Grief Swallowed Me Whole and Spit Me Back Out
If you experience suicidal thoughts, the following post could be potentially triggering. You can contact the Crisis Text Line by texting “START” to 741741.
Grief had swallowed me whole and spit me back out. I was a mess and I had become comfortable dedicating my life to living this way, because I thought I deserved it. December 2021 marked three years since my son hasn’t been here with me in this world.
From the day he passed, I lost myself without him here. I wasn’t his mom anymore, so I kept questioning who am I really? My life consists of pulling myself from a dark hole each day as I wake up from my 1,095th consecutive sleepless night. I couldn’t catch up on anything in my life, I felt like a failure every day. I was in a place of survival and this sent me into a PTSD spiral.
For a long time I was lost as I had to be a person in this world without my son in this world. I believed I deserved nothing because my body didn’t protect him while he was in my womb. Recently, I made the conscious decision to take my life back. Up until a few months ago, I was letting others control my decisions, letting one person’s bad opinion of me control how I saw myself, and letting a stressful job make me think I didn’t deserve to live in this world. I lost control after losing my son, and it got to the point I didn’t think I deserved to walk in this world and I should meet my son on the other side.
One day I woke up and was tired of the sadness cloud that followed me. After making some positive life changes that left me jobless for two weeks, I realized I deserve happiness and I deserve life. I was allowing people who were programmed to misunderstand me control my life. I was allowing negative moments be an indicator that I didn’t deserve to live. My son’s birthday came and went and I hadn’t smiled in a week, I couldn’t move off the couch, and I couldn’t think clear thoughts from my racing anxieties. I had muttered the sentence, “I don’t want to live anymore” for the forth time in one week. It was like something within me flipped a switch. I saw myself from the outside and I was horrified. I couldn’t keep on this way — something had to give, and I was the only person who could help myself. After this revelation, I finally started manifesting positive thoughts, speaking positivity to myself, and replaying good comments made to me in my mind. I realized I don’t have to live like this.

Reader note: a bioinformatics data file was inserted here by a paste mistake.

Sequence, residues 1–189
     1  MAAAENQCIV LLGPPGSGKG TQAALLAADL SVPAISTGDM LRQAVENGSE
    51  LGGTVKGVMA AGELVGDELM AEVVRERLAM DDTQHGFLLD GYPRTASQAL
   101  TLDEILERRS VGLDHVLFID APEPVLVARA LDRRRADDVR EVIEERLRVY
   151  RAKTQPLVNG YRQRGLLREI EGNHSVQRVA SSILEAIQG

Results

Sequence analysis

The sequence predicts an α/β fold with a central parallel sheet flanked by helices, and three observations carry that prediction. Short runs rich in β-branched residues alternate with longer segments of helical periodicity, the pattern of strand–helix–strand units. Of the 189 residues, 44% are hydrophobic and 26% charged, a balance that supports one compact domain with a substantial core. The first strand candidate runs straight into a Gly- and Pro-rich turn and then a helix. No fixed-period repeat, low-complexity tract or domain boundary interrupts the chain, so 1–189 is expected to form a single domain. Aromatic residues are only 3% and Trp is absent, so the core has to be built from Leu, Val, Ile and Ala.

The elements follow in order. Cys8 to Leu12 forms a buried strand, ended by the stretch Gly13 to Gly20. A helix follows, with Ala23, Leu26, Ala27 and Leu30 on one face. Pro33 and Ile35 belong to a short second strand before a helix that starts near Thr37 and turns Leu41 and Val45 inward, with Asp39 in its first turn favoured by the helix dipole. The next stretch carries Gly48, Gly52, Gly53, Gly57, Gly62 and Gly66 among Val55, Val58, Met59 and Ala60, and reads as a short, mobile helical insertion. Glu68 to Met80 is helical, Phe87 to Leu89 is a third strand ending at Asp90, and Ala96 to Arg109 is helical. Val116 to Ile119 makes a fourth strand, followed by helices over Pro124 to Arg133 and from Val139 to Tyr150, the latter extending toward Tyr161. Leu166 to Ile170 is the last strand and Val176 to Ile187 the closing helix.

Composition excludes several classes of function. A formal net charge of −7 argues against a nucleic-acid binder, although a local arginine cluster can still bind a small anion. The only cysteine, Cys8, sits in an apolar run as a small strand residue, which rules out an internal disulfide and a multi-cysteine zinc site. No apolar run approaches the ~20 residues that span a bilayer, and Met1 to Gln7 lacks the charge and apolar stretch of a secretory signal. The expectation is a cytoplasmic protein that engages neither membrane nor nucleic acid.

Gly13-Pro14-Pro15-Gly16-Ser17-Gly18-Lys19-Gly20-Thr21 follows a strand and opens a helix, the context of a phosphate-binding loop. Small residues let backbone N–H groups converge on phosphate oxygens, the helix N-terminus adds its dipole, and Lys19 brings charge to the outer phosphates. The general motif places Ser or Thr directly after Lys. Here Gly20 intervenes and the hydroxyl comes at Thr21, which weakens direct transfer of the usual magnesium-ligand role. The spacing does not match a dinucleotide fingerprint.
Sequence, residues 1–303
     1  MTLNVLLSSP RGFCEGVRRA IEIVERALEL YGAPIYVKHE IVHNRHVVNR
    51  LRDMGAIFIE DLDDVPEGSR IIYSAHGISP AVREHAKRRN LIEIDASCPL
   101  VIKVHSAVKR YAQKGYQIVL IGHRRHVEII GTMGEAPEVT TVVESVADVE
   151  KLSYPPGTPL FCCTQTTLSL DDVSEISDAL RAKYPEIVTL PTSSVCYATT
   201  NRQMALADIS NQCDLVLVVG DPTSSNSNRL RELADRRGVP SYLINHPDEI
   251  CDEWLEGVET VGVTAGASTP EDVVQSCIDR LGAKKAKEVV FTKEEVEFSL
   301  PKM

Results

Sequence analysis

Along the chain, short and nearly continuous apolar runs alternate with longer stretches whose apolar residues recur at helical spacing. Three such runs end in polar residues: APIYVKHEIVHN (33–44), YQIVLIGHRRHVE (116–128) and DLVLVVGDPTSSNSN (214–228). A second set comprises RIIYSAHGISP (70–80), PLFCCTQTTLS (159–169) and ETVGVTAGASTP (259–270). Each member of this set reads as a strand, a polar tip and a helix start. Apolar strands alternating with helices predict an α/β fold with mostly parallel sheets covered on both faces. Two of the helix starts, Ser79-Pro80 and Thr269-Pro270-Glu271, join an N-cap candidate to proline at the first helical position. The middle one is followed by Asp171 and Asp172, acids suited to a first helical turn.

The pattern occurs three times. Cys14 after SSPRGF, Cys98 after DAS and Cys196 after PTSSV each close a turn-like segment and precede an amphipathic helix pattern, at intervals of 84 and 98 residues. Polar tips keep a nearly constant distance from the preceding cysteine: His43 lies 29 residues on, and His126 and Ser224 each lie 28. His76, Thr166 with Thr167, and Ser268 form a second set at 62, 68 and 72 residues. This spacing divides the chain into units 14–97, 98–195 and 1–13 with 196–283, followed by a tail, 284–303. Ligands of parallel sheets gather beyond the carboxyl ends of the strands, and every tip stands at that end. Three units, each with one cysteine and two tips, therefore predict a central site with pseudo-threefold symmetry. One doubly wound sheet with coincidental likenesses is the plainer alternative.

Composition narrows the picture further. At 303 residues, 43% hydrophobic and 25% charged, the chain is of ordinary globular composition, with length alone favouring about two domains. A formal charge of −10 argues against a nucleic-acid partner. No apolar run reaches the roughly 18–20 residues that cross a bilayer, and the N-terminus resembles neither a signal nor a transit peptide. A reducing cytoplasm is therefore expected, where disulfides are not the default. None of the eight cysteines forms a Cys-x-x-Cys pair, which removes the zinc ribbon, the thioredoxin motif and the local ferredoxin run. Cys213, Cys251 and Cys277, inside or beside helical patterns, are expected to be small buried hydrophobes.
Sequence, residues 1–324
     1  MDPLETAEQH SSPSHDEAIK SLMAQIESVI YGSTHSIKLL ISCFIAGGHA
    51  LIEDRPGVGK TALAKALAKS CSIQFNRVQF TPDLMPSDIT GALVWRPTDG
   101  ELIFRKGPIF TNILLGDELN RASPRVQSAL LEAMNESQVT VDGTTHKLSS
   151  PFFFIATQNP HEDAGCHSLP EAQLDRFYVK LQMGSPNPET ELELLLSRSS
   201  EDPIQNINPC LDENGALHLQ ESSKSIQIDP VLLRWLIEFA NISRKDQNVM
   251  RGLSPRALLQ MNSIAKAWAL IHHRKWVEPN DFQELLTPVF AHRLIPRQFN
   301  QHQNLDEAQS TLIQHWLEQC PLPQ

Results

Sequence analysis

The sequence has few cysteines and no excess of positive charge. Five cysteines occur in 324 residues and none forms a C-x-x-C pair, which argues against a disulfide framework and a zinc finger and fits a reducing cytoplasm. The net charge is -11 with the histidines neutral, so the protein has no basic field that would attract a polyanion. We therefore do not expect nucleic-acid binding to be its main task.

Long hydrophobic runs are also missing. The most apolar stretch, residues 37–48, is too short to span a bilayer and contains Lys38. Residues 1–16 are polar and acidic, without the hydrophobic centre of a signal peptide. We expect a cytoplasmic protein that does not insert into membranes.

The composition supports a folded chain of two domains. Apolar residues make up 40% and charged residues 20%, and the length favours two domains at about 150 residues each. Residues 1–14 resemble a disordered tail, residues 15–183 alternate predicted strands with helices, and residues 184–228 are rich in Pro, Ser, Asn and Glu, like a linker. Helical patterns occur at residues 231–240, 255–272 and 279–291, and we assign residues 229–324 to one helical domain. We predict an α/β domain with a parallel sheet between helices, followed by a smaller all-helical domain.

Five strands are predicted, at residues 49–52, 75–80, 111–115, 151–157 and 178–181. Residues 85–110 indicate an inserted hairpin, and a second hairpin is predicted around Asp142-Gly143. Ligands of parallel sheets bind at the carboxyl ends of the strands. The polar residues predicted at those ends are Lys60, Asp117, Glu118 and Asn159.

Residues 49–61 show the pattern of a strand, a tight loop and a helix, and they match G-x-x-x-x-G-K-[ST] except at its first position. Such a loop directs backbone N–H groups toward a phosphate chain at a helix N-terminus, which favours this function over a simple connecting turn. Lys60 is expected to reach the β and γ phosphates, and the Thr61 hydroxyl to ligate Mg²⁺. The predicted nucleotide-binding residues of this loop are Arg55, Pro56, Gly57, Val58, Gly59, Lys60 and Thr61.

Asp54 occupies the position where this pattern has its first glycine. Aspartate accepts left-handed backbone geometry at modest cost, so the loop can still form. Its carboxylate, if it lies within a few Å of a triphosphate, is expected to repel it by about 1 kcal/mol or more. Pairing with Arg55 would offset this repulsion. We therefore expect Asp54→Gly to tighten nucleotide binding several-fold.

During this two-week reprieve from working, I found time to try to retrain my thoughts. After many pep talks I realized I could ignore and not obsess over someone’s negative thoughts of me. I truly have such a big heart and I needed to remember this and embrace it in my future endeavors.
Honesty, I was at rock bottom for almost three years. I finally believed the statement I had heard so many times before, “Parker wouldn’t want me to live like this.” I always rolled my eyes at this statement made by family and friends, especially from people who truly didn’t understand. I now realize it’s OK to let positivity and light back into your world. It’s OK to see yourself positivity and just because a few people aren’t on your team, it doesn’t have to change your mission and how you see yourself.
I hope grieving mothers or women who feel like they have hit rock bottom can also find the strength to take their lives back, and realize they deserve light and sunshine. Please know you are good, you are worthy, and you are amazing.